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Author: levars Add to my Favorite Fools Ignore this person (you won't see their posts anymore) Number: of 308668  
Subject: levars 3-month update Date: 9/25/2011 9:27 AM
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Debts--
=================================================================
Creditor Jul'11 Sep'11 APR
-----------------------------------------------------------------
Credit Card A $ (10,665) $ (9,515) 0%
Credit Card B $ (3,250) $ 0 8.5%
Equity Loan $ - $ (7,100) 4.99% (5-yr FR)
Mortgage $(258,750) $(257,300) 4.25% (30-yr FR)
=================================================================

Savings--
=================================================================
Bank Jul'11 Sep'11 Monthly Add'n
-----------------------------------------------------------------
CU Checking $ 300 $ 4,130 $ -
CU Savings $ 3,500 $ 5,000 $ 0
House Fund $ 1,000 $ 700 $ 0
Misc E-Fund $ 100 $ 400 $ 100
Car E-Fund $ 1,150 $ 1,850 $ 330
=================================================================


This is my 3 month update since I started using YNAB.

CC-A is being paid off at a rate that stays ahead of promo-balance expiration. I will have to make a couple of one-time payments, $1000 in December and $3250 in March (which should be less than I receive as a tax refund)

In Aug. I withdrew $7500 from a $25000 equity line of credit to pay down CC-B and boost my cash on hand which went into CU Savings and Checking to make the YNAB buffer, etc. It's a 5-yr fixed rate. I believe $141.xx is due each month for it, and I have been paying $200, so at that rate I'll be able to pay it off in just over 3-yrs, I will also start paying more towards this when CC-A is paid off next Spring.

I've been paying $100 extra on my mortgage per month, maybe this is a mistake and I should be paying it toward my other debts like the equity loan or CC-A, or just saving it for future house problems/work. I just liked the thought of the principal dropping a little faster...

Some positives of YNAB--
- I am much more able to recognize (and correct) over spending... previously I had only ball-park numbers for groceries, etc
- I was able to stop buying lunch at work 4 out of 5 days, I was spending about $5-7/day. I consider it 100% savings because even though I am eating food bought with groceries, the overall amount I've been spending on the groceries has dropped since I've started being more careful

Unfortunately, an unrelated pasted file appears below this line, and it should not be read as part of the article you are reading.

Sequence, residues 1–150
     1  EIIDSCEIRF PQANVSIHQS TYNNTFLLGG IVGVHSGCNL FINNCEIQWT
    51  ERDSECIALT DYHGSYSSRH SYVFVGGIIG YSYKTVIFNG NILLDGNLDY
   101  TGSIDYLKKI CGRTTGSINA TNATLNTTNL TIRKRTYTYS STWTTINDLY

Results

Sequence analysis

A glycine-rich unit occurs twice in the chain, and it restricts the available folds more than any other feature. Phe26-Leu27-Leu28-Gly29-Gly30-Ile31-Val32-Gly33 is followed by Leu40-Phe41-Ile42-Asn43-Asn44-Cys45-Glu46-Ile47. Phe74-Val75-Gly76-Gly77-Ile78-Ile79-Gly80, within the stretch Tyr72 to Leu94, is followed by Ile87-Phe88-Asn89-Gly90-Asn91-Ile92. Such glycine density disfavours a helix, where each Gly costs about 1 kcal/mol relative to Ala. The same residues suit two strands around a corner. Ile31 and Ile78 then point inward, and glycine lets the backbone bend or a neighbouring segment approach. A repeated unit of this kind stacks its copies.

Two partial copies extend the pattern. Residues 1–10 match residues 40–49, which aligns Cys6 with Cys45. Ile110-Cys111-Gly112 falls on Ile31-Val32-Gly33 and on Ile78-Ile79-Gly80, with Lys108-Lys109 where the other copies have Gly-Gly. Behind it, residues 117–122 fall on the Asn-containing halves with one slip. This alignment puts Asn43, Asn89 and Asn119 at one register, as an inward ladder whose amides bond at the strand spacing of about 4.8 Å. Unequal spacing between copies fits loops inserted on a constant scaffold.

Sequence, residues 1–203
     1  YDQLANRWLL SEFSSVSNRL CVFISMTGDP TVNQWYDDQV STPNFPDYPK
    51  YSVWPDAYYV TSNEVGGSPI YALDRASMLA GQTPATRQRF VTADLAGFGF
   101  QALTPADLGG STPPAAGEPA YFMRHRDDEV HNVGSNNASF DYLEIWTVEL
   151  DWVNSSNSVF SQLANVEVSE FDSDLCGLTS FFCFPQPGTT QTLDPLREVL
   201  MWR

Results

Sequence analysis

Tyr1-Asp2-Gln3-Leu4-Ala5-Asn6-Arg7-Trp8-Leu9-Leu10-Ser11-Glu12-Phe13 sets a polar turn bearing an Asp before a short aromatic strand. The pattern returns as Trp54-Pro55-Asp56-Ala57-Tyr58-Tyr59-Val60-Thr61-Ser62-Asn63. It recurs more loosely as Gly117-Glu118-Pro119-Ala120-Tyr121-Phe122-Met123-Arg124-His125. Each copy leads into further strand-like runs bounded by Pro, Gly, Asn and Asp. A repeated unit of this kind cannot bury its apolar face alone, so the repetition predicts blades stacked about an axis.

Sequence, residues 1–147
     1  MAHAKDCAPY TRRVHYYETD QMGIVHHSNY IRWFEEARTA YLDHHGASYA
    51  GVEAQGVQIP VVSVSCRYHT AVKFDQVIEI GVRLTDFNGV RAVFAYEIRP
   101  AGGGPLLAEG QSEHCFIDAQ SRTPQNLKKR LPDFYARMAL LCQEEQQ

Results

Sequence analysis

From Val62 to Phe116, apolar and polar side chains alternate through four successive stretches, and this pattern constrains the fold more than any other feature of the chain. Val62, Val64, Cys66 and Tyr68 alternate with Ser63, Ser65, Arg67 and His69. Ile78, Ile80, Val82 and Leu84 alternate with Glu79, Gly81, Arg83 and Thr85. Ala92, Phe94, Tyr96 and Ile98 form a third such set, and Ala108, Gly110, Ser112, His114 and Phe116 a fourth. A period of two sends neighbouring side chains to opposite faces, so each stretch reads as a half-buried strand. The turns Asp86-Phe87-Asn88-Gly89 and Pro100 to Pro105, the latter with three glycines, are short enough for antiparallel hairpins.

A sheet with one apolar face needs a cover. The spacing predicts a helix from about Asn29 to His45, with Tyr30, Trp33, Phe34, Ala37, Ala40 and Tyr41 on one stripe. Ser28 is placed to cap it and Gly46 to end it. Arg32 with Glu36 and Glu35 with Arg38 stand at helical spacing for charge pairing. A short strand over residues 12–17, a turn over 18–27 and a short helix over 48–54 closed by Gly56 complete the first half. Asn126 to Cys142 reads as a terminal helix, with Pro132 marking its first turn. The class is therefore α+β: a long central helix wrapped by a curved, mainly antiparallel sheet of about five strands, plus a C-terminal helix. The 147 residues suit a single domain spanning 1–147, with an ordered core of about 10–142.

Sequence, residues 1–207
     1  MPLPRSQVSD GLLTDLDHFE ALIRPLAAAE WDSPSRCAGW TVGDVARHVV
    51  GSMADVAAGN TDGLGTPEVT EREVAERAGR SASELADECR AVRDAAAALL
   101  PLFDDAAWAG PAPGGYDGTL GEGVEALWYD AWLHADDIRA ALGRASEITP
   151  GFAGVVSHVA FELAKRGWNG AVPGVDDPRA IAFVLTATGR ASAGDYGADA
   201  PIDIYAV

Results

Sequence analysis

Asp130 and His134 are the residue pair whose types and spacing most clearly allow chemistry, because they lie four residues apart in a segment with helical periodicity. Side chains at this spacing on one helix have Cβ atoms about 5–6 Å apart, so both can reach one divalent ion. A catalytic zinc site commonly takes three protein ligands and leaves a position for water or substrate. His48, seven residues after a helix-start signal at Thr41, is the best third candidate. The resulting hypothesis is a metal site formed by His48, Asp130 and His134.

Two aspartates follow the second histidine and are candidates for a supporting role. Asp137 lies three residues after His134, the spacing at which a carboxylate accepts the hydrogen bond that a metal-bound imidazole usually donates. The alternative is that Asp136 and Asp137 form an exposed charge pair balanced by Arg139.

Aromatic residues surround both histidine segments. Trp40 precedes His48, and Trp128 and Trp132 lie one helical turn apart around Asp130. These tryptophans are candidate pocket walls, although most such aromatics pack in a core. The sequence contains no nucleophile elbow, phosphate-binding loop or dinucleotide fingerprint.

- I have a buffer for my heating bills this winter, I'm on track to be able to pay them without having to alter the rest of my budget


Some issues that have cropped up--
I still have not been able to stick to a budget like I would want to--don't get me wrong, I'm doing far better than before, but it just hasn't been where I want. Part of the problem (excuses?) is that over the summer I had a couple of weddings that required travel and a few other things--saying "no don't have the money" wasn't really an option. I feel like each month out of the past 3 I've gotten a little better each time--the next three will hopefully show that is true.

I had over $800 in car repairs in the past 3 months for 2 separate instances of repair. I paid 50/50 out of my Car Fund and by taking money from the monthly budget.

I was told that I need a $2000, no you can't put it off, repair to my furnace (and a second opinion confirmed), this will end up coming out of CU Savings.

I'm also debating about having insulation put into the attic before winter. We had astronomical heating bills last year, I think the pay back could be only 3-5 years, but it's $2500 that I don't have, meaning I'd end up having to either increase the amount borrowed on equity or pay it with a credit card. On the one hand being comfortable and lowering bills makes sense, on the other, borrowing to do so does not. My gut reaction is "do it, you're wasting money on heating!", but when I start to think about it more I feel like the extra $500 or so I might spend on heating this year is worth paying vs. going further into debt. Then again, the savings on the heating bill each season will probably be 3-4X (or more) what I might spend in interest each year on the loan.
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